Wake County leaders considers changes to attract poll workers
Because of the pandemic, Wake County election officials are anticipating a big drop off in election workers. They also fear that voters won't turn out eitherPosted — Updated
They also fear that voters won't turn out either.
Now, county leaders are hoping to encourage workers and voters to still show up to the polls.
"Locally, COVID-19 has dissuaded a lot of our precinct officials," said Matt Calabria, the Wake County Commissioner.
Leaders are predicting as much as a 37% drop off between those who sign up and those who actually show up to work the polls in November.
"It's really a matter of making sure we're prepared and over-prepared for the upcoming election," said Wake County Board of Elections Director Gay Sims.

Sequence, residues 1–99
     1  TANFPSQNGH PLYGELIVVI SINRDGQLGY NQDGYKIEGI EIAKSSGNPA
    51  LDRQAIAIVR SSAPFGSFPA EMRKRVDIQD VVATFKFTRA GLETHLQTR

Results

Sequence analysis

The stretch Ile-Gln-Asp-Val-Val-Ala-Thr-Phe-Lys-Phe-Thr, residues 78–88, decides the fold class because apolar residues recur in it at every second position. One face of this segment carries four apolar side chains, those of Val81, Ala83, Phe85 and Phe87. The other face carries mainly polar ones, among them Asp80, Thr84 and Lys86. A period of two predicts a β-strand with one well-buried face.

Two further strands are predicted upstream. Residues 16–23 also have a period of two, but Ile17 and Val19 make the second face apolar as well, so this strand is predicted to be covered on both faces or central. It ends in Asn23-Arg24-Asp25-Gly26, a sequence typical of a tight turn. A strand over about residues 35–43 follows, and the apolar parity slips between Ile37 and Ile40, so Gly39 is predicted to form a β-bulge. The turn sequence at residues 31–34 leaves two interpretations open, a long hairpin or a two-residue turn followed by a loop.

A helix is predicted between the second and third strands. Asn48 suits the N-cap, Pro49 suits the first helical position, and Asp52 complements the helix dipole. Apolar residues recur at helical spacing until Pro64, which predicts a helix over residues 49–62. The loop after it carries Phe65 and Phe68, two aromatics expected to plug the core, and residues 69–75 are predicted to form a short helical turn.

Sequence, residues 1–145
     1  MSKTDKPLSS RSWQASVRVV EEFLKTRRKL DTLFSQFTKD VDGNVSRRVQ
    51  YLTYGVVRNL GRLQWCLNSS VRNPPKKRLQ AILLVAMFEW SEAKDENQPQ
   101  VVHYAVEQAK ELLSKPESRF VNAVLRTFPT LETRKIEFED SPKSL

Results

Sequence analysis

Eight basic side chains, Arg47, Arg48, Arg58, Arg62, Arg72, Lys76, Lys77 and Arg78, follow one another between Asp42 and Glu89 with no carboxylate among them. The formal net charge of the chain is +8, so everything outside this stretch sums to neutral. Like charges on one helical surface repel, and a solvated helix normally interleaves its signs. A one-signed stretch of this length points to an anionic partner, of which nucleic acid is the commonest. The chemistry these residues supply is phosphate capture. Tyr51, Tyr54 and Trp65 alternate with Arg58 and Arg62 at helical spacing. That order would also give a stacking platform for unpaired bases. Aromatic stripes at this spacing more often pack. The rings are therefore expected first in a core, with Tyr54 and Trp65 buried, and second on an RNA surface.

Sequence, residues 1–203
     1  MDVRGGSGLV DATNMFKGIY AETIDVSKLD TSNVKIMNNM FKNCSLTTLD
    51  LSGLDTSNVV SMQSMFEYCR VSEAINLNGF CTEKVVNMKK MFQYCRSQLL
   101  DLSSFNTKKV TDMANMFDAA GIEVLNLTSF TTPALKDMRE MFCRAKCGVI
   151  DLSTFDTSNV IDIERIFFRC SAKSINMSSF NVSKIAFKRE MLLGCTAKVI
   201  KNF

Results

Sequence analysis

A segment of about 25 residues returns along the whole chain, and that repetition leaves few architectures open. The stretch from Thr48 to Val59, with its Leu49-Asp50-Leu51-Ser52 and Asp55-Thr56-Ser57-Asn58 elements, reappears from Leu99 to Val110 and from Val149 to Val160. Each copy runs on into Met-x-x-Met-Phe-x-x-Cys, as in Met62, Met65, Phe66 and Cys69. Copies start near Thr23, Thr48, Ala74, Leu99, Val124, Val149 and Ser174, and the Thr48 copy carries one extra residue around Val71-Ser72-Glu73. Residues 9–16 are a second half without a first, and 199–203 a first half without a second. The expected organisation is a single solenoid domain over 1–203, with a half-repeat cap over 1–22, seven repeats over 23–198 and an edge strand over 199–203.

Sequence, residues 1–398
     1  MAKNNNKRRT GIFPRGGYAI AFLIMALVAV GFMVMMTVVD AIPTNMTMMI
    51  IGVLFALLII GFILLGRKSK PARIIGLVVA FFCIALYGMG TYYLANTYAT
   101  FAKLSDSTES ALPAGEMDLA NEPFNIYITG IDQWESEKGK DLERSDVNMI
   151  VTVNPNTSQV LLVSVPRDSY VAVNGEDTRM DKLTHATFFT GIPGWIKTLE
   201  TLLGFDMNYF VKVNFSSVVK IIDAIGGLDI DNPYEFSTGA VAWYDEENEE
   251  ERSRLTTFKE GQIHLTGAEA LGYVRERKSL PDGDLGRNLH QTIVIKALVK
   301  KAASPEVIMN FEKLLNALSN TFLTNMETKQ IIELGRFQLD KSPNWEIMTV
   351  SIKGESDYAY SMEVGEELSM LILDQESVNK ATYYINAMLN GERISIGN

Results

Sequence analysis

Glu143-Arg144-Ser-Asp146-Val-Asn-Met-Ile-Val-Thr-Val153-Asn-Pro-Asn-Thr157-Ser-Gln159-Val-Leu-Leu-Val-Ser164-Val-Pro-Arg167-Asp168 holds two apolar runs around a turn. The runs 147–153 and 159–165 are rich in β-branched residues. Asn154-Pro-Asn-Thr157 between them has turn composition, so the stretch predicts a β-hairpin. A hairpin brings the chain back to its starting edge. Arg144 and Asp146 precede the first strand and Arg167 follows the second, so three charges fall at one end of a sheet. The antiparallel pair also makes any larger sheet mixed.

To encourage poll workers, Wake County commissioners will vote on a measure Monday that would enable Wake county's 4,000 employees to use their community involvement leave to work the polls as precinct officials or vote in the election.
"Not only are we encouraging our employees to vote and set a good example for other local governments and the entire state, but we are recognizing the need for additional precinct officials in this extraordinary time, and making sure that we are not the barrier to folks getting out and helping out with the election process," said Calabria.
They are also voting to increase pay from $8.68 per hour to $11 per hour.
"We want to make sure we incentivize folks to work our polls and to get out in adequate numbers, so that we can administer the election," said Calabria.
If these changes are approved, county leaders hope it will be enough to ensure 2,400 polls workers show up when they are needed most.
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